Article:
Retaining walls help keep soil on hillsides from invading other areas. These walls can also be used to define or separate spaces, or to create the illusion of a wall. Technically, a retaining wall should hold back something from the other side, but when designing a landscape, sometimes low walls are also referred to informally by the same term.
You can transform this plain and dreary feature into an asset for your garden in one of two ways: Make the vertical surface more decorative or put the top surface to work.
Flat, upright surfaces of walls are ideal for adding visual interest to your landscape. Materials like stucco, paint, stain, stamped or textured concrete, stone or wood veneer, bamboo or even outdoor fabric are some ways to turn a blank space into something exciting. Open surfaces can become pieces of art with designs or murals. You can even get the whole family into the project by grabbing paint brushes and outdoor paint to design your own work of art.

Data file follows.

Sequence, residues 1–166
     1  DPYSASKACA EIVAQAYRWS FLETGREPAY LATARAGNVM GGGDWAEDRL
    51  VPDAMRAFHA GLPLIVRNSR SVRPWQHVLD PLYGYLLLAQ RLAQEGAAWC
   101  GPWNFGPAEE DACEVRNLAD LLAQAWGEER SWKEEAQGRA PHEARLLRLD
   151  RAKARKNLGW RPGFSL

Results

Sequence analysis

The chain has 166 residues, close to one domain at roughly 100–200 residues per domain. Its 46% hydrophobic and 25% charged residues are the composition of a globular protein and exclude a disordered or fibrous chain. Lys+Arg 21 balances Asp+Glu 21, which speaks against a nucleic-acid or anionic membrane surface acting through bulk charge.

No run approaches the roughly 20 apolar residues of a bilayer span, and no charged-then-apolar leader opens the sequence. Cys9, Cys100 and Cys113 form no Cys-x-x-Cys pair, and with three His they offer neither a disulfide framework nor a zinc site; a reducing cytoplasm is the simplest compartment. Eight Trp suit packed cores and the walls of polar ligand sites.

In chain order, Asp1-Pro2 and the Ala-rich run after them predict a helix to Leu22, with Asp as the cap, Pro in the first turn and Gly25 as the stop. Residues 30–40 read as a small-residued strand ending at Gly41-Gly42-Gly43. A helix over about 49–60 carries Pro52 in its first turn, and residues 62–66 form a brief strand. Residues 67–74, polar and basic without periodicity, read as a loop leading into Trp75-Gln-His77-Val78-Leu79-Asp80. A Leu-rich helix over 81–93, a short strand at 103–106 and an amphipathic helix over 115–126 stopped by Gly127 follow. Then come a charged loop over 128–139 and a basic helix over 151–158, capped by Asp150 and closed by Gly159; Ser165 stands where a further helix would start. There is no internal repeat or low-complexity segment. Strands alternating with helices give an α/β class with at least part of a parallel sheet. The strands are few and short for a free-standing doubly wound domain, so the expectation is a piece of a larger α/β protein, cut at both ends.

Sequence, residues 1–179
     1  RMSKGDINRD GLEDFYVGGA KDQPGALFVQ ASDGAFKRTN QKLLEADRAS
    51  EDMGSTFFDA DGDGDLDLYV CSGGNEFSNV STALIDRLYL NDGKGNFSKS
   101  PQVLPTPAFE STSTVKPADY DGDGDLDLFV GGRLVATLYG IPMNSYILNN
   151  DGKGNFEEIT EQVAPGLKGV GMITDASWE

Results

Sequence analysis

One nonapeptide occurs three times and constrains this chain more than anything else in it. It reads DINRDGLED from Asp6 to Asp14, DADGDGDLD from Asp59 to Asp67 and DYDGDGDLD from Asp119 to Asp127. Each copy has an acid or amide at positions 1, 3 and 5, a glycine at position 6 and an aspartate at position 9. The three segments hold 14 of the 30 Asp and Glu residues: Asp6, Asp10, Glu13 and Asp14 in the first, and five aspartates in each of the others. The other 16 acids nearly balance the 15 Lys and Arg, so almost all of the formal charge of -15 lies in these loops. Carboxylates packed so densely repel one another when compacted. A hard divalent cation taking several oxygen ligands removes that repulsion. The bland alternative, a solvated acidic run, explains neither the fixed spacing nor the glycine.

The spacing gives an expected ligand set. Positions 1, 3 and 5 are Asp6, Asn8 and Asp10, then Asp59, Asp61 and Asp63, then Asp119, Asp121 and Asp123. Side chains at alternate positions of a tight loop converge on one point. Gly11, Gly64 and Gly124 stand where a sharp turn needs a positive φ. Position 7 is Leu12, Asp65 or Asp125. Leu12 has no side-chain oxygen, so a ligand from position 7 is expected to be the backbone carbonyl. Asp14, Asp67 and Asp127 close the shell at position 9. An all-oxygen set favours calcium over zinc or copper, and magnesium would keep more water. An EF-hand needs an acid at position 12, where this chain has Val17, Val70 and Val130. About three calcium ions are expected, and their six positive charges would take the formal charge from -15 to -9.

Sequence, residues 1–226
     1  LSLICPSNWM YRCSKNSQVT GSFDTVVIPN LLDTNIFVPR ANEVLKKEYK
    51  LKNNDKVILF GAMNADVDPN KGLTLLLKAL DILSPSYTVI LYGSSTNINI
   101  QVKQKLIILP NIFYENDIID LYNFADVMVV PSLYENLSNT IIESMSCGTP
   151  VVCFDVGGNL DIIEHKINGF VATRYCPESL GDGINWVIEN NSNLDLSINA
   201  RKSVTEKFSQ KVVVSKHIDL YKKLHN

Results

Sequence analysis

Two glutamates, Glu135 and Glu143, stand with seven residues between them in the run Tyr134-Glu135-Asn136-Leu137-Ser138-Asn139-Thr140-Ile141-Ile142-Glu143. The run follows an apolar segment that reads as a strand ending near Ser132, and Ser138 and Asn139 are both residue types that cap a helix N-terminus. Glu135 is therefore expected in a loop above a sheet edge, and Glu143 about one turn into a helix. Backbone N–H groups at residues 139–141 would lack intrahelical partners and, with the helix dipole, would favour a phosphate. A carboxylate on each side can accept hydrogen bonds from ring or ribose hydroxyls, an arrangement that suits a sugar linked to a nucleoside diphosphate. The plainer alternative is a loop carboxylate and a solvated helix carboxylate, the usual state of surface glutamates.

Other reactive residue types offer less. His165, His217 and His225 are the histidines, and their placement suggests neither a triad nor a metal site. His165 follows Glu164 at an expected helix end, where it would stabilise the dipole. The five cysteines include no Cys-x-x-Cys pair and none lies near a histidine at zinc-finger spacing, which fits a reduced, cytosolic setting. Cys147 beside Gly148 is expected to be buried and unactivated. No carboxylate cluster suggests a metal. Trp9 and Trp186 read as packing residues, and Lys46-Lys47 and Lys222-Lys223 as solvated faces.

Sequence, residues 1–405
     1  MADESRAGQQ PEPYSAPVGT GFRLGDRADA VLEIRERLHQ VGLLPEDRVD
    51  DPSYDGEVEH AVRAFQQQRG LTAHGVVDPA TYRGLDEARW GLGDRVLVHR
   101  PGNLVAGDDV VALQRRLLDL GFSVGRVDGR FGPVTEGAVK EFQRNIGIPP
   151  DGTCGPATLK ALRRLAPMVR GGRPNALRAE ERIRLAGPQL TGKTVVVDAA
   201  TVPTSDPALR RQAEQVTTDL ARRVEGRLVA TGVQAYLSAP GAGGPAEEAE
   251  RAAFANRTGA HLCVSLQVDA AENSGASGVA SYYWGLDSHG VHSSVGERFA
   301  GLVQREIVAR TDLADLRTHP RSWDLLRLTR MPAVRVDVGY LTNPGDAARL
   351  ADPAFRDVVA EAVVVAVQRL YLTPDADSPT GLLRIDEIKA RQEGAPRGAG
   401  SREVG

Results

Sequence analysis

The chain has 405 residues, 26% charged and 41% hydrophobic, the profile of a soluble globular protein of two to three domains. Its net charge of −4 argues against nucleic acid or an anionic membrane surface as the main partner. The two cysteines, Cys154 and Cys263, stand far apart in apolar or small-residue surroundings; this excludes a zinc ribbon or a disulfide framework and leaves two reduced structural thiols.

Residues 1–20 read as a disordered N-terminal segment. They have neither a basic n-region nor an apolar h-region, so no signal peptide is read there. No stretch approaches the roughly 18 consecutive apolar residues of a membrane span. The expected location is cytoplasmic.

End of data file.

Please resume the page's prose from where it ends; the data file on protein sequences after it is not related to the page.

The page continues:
Wall space can afford both practical and aesthetic use. Think of the top of your wall as a handy shelf-like space. Low walls — ideally at about 18″ high — are perfect for serving double-duty for seating. Line the top with ornamental cushions to increase seating space while adding a splash of color. Or turn the top of your retaining wall into a display case for sculptures. Containers with cascading plants can dangle green and flowers down the wall. This can be particularly effective with taller walls.
Punch up a style by using textures, materials or plants that illustrate Southwestern, Mediterranean, tropical, woodland, English or any other theme.
Blend one area into another by using materials that are featured in other parts of the landscape. Use retaining walls to hang holiday decorations. Or make them into a colorful backdrop to perk up a drab garden when it’s not in bloom.
This basic design element can help keep your garden safe, clean and aesthetically pleasing. Once the walls are built, you can spice them up with ornamentation and extra functionality.
Photo credits: Jane Gates